Clicking the link takes me to a page where it asks me to log in.
I think that you either made the video private or gave us the wrong link. By the way when you add a you tube video click on the square above that says YouYube then put the URL in and the click the square YouTube again. Then preview the post after you sign out of your You Tube account.
I fixed it guys. Thanks.
I put this on here almost a week ago and haven’t got one critique. Please look at the vids and let me know what you see. Thank you.
Hit pitching mechanics seem to be very smooth and easy for an 11 year old. His finish though doesn’t seem to put him in a very good defensive position for the comebacker. Looks like he has a hop right when the ball would be back at him. In addition he seems to end a little upright. Keep it up and we look forward to seeing more.
Not bad. Looks like a big boy for 11.
First thing is to eliminate all head movement in directions other than towards home plate. In this case, it boils down to two things. First, he needs to start with his feet closer together. Right now, his feet are far enough apart that he has to shift his weight toward 2B to go into knee lift. That makes his head move towards 2B. Position the feet closer together so he can lift his knee without the weight shift. Second thing is to put a slight bend at the waist and in the knees to put him in a more athletic position so that his can lift his knee without having to lean back toward 1B. Think “batting stance”.
After making the above adjustments, I would have him try to keep his glove up in front a bit longer - as close to front foot plant as possible. This will help him keep his shoulders closed longer and rotate later which, in turn, will help use his body better to create velocity and it will let him get his release point closer to home plate. Right now, his shoulders rotate about the same time as the hips. Ideally, shoulders should rotate after this hips and after maximum hip and shoulder separation is achieved. So, as he goes into his stride and he extends the glove out front, his arms should achieve an “equal and opposite” position which means equal angles at the elbows and nothing more. Arms can be bent one up and one down, one up and one horizontal, both horizontal, etc. Direction of bend doesn’t matter. Only the amount of bend matters. If he can stay equal and opposite until as close to foot plant as possible, he will improve his timing of shoulder rotation.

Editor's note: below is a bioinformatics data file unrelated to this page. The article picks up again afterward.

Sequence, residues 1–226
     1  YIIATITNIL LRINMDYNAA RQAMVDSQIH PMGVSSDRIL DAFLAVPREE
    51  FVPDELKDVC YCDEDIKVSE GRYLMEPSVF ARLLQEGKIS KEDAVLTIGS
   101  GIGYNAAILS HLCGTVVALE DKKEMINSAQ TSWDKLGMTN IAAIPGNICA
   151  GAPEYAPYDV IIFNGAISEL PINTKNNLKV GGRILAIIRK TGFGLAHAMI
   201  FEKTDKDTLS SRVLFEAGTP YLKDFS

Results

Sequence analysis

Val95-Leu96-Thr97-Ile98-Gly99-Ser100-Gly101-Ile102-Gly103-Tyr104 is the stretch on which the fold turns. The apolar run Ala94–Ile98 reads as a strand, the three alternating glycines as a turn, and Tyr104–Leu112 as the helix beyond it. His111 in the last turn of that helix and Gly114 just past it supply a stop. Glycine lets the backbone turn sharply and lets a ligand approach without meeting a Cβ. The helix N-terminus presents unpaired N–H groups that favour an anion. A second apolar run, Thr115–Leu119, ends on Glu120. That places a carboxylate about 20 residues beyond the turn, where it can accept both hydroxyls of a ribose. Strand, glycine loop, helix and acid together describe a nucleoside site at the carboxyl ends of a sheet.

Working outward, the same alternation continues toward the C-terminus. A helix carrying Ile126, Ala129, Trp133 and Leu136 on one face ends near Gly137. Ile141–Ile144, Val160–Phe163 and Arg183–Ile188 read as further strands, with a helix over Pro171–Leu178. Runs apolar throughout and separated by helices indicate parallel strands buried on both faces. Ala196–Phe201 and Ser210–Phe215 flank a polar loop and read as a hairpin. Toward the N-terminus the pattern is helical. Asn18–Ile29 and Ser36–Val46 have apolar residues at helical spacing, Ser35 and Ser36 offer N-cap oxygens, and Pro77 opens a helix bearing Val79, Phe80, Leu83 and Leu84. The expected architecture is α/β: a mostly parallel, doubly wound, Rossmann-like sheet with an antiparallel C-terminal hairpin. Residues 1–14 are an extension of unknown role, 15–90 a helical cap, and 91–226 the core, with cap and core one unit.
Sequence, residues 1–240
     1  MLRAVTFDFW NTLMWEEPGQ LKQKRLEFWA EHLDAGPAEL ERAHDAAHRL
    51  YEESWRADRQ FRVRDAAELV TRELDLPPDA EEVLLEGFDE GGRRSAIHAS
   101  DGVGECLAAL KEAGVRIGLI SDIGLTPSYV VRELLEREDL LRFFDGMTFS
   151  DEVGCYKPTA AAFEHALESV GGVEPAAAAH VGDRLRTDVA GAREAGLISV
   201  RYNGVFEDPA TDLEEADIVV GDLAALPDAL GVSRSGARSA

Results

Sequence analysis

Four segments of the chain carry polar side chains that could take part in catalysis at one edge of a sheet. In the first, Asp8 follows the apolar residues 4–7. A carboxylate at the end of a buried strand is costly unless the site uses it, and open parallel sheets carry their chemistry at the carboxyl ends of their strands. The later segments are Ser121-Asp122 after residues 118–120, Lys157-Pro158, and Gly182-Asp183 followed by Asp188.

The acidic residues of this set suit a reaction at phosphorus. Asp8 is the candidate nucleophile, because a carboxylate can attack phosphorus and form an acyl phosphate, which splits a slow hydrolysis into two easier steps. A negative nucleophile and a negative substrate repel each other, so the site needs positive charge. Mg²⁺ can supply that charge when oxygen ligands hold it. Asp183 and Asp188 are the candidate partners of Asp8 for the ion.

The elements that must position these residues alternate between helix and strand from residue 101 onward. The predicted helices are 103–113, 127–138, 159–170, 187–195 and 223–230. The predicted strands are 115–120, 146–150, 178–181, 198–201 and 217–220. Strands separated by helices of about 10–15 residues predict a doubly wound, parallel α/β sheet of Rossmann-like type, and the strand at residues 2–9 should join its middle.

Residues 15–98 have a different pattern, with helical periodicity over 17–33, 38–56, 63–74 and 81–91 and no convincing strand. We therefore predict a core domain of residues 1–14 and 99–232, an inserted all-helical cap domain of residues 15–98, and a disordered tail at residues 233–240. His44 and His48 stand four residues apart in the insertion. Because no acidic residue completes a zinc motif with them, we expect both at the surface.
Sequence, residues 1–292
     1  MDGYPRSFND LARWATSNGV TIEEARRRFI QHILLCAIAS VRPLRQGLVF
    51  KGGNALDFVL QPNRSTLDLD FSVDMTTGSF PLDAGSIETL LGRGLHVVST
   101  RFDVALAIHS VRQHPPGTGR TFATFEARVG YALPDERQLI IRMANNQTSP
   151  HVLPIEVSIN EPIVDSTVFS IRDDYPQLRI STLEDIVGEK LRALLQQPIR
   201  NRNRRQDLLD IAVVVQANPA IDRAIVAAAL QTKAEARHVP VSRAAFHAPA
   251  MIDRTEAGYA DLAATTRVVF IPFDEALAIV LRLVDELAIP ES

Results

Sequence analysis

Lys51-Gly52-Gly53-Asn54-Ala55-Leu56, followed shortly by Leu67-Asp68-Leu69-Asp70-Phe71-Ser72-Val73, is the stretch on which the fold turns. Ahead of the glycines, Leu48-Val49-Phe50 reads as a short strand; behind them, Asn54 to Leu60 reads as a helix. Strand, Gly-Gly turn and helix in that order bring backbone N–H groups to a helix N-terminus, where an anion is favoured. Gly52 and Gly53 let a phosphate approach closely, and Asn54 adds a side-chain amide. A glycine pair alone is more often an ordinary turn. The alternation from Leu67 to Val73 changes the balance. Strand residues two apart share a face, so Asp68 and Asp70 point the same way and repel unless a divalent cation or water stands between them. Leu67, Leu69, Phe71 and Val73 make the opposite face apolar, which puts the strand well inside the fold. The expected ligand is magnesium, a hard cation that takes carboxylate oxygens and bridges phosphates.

First off, I should explain that I am a reliever. My strength lies in getting people out by out-pitching the hitter. My focus is on accuracy and placement. Not speed. In my opinion, 95% of all “pitchers” are throwers. They throw the ball in the general directino of home plate and pray. I pitch. I had an ERA of 1.0 with 9 appearances (in 10 games. I was called up from JV) and was 1st reliever as varsity pitcher in my junior year of high school. I was hurt my senior year. I was offered the opportunity to play in college but declined to get a professional degree.
Now then onto the mechanics.
Your son has very good mechanics for a kid his age. He pulls off the ball occasionally, but its over pretty good. Now the following is my interpretation of what i see are the flaws, why i think it’s a flaw, and how to fix it.
I really only see 5 points to fix. Three are related to his motion starting position.